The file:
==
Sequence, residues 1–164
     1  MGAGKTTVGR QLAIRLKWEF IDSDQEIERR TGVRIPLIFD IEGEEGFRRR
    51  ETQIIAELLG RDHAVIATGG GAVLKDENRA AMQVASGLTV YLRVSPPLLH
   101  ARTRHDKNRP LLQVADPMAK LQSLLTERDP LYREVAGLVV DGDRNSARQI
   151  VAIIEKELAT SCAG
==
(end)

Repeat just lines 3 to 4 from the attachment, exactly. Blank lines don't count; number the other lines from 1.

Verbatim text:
    51  ETQIIAELLG RDHAVIATGG GAVLKDENRA AMQVASGLTV YLRVSPPLLH
   101  ARTRHDKNRP LLQVADPMAK LQSLLTERDP LYREVAGLVV DGDRNSARQI